For nearly a decade, Higher Heights and the Center for American Women and Politics have teamed up to report on the status of Black women in American politics. In that period, Black women have seen representational gains across all levels of office, including in the federal executive, and achieved milestones as candidates and officeholders within states and nationwide. But the underrepresentation of Black women persists, and our organizations remain committed to documenting, analyzing, and addressing disparities in both political presence and power.
The 2022 election illuminated these realities. Record numbers of Black women ran for congressional and statewide elective executive offices and, as a result of the election, a record number of Black women now serve in Congress, in statewide elective executive office, and in state legislatures. Still, despite a record number of Black women running for and winning major-party nominations for the U.S. Senate and governor in 2022, last year’s election did not remedy the lack of Black women’s representation at either level. More work needs to be done to both understand and address the hurdles that these women confronted en route to top statewide offices. This will be immediately important as we look ahead to 2024, when Black women will compete for especially opportune open Senate seats, and to 2026, when the bulk of gubernatorial offices will be contested.
This report provides a foundation for this work, offering an overview of Black women’s political representation today and over the past decade, as well as indicators of how Black women fared in the most recent election.
The report illustrates:
A record number of Black women serve in congressional, statewide elective executive, and state legislative offices in 2023, with important gains made and milestones achieved over the past decade. Since 2020, Black women have ascended to the vice presidency and the U.S. Supreme Court.
Despite being 7.7% of the population, Black women are less than 6% of officeholders in Congress, statewide elective executive offices, and state legislatures. They are eight of the mayors in the nation’s 100 most populous cities.
A record number of Black women ran for the U.S. House, U.S. Senate, and statewide elective executive offices – including governor – in 2022, and a record number of Black women were nominees for the U.S. Senate, statewide executive offices, and governor. These candidacies translated into record-level officeholding at multiple levels, but no Black women serve in the U.S. Senate today and no Black woman has ever served as governor.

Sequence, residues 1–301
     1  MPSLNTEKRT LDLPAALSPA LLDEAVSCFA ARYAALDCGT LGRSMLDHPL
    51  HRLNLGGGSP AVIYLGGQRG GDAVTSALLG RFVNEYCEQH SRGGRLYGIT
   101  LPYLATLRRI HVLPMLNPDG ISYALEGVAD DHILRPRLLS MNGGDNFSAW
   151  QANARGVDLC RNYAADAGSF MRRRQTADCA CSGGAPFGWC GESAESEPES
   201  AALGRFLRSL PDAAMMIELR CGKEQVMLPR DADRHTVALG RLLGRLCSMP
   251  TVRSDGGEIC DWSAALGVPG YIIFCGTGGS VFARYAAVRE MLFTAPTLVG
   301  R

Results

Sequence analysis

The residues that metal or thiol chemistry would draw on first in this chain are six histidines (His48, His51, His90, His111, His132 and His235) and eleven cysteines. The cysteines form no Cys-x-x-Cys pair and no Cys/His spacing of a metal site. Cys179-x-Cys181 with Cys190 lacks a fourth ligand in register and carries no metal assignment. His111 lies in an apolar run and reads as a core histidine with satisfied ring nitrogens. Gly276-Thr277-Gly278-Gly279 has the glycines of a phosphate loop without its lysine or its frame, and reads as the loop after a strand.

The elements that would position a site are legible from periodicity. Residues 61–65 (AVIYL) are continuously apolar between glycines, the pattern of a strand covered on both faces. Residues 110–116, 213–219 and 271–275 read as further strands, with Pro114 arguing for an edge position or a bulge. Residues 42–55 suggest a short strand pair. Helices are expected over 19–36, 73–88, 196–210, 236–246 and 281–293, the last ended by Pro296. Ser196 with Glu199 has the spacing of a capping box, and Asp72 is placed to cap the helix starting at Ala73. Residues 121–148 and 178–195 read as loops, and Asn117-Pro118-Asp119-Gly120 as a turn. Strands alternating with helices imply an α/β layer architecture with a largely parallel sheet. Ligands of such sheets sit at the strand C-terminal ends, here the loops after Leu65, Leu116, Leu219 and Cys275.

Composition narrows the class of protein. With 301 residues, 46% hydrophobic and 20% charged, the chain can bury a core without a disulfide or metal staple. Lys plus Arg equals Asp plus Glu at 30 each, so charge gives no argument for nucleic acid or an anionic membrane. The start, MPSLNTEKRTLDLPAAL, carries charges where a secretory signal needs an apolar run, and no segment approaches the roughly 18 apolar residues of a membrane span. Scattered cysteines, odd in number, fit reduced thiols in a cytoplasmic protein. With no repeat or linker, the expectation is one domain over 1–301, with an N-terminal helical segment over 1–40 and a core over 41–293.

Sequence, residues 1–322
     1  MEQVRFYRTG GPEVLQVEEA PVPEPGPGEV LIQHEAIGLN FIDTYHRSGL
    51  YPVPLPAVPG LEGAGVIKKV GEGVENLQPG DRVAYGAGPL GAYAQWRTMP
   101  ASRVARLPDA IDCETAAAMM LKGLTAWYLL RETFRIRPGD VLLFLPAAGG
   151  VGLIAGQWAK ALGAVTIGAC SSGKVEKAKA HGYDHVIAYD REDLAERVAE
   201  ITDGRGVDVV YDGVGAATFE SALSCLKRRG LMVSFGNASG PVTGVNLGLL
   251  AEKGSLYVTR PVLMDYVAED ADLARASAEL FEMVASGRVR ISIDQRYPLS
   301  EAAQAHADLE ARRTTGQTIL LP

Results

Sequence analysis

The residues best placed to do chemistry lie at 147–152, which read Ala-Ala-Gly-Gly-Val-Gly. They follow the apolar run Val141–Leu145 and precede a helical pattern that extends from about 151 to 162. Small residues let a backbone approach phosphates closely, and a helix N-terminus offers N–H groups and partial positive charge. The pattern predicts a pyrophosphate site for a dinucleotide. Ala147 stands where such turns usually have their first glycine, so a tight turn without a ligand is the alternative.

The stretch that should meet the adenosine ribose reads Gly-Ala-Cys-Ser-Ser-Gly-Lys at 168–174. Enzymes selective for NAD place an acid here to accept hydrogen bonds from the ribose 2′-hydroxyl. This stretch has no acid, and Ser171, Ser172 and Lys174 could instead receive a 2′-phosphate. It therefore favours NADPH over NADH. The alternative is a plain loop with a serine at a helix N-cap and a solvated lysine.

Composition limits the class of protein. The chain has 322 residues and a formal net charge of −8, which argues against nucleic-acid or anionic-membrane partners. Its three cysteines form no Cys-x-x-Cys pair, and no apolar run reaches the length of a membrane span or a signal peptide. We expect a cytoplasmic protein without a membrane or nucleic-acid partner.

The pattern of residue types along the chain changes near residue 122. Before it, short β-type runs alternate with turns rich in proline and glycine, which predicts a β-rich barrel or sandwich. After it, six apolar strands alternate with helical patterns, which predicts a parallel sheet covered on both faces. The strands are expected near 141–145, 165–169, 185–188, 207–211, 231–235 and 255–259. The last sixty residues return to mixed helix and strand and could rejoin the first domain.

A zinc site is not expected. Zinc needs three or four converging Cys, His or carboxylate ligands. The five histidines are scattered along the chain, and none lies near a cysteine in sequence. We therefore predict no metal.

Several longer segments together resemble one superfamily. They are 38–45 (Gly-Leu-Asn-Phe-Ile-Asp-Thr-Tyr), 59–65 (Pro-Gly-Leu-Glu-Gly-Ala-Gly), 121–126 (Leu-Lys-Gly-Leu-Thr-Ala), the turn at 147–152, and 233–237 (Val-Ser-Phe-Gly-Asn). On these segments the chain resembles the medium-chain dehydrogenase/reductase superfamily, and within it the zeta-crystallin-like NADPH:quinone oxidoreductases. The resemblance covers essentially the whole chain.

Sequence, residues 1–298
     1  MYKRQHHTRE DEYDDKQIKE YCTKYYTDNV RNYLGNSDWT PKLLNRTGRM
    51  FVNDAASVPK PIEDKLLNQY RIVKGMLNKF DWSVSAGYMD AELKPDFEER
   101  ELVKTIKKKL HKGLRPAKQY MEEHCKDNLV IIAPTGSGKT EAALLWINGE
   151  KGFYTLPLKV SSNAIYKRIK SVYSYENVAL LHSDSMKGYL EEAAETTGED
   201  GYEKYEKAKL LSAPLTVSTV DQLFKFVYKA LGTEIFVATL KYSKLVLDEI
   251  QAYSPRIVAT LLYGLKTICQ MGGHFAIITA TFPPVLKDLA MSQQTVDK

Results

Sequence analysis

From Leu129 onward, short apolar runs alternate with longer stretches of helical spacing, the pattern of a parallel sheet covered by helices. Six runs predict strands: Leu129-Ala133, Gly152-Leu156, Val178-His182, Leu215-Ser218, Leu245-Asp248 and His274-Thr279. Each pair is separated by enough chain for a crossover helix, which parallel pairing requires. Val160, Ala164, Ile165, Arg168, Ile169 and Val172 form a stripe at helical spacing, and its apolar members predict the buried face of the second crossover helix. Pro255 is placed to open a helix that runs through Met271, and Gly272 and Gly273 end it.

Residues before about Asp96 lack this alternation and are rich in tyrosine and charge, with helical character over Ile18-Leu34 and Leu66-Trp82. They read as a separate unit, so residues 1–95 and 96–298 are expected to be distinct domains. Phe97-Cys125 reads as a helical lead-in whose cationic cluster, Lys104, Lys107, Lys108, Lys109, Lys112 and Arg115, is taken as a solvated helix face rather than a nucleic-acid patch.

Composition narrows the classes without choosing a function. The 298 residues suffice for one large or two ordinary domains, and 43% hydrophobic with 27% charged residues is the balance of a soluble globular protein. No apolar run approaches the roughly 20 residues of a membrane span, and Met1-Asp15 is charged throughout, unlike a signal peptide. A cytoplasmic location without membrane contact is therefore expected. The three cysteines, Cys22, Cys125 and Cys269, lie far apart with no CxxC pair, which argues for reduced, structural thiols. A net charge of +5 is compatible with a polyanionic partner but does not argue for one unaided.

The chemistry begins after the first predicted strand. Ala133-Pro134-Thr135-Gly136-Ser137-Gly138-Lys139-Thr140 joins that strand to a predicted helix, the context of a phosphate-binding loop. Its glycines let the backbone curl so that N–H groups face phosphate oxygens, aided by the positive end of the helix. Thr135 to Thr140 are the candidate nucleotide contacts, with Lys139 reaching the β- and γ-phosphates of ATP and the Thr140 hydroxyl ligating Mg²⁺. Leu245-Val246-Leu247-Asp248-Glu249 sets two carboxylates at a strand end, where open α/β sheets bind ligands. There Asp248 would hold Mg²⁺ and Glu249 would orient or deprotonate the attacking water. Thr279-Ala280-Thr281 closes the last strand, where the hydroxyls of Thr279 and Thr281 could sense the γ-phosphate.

Between 2022 and 2023, Black women’s state legislative representation remained nearly equal – achieving a new high but by just three seats – though a record number of Black women currently lead state legislative chambers.
Black women won big-city mayoral elections in Los Angeles, California and North Las Vegas, Nevada in 2022, and a Black woman is poised to be elected mayor of Philadelphia, Pennsylvania in November 2023.
There remain vast opportunities for growth in the number of Black women running and winning at all levels of office. The 2023 and 2024 elections offer immediate occasions for harnessing Black women’s political power both at the ballot box as voters and on the ballot as candidates.
“In 2022 we were able to celebrate many historic wins by Black women running for federal, statewide office, and mayors of the top 100 cities. However, as with all history-making moments, not every goal aimed for during the election was achieved, and we felt the deep loss of the hard-fought campaigns with efforts to elect a Black woman to the U.S. Senate and as this nation's first Black woman governor," said Glynda C. Carr, president and CEO of Higher Heights. "But make no mistake, Black women’s energy, work, and commitment to building a true democracy is continuing to diversify and improve America’s leadership. Black women have always understood the urgency of participating in our democracy and, when they see a lack of representation, they run to fill that void. We will continue to strive in 2023 and in 2024 to diversify and improve America’s leadership to include the presence of diverse perspectives at every level of government."
Higher Heights and CAWP issued their first report on the status of Black women in American politics in June 2014. Since then, 24 new Black women were elected to Congress, the number of Black women state legislators has risen by over 50%, Black women have made tremendous strides in representation as big-city mayors – with 15 Black women taking office as mayors in the top 100 most populous cities since mid-2014 – and a Black woman now serves as vice president.
“For nearly a decade, our reports on the status of Black women in U.S. politics have illustrated both the progress made and the persistent underrepresentation of Black women across levels of office,” said report author Kelly Dittmar, director of research at CAWP and associate professor of political science at Rutgers University-Camden. “These data are essential to guide the interventions necessary to ensure continued growth in Black women’s political representation and power.”
Previous Status of Black Women in American Politics reports have been in published in 2014, 2015, 2017, 2018, 2019 and 2021. To learn more and to join in these efforts, visit Higher Heights and the Center for American Women and Politics, follow us on social media, and sign up for our newsletters.